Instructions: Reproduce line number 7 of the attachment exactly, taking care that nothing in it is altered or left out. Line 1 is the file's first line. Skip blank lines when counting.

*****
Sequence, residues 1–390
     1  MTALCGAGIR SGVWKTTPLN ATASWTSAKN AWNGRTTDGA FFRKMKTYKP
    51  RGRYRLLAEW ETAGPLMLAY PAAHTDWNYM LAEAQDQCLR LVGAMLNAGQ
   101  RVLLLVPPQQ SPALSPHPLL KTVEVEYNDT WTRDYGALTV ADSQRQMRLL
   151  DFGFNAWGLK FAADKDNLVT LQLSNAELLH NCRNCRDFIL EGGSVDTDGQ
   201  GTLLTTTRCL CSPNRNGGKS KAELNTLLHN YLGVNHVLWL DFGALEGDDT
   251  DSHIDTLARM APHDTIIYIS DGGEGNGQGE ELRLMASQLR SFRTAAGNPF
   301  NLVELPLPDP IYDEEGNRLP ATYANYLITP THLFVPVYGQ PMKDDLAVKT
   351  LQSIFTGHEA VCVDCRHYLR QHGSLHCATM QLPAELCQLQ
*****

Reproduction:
   251  DSHIDTLARM APHDTIIYIS DGGEGNGQGE ELRLMASQLR SFRTAAGNPF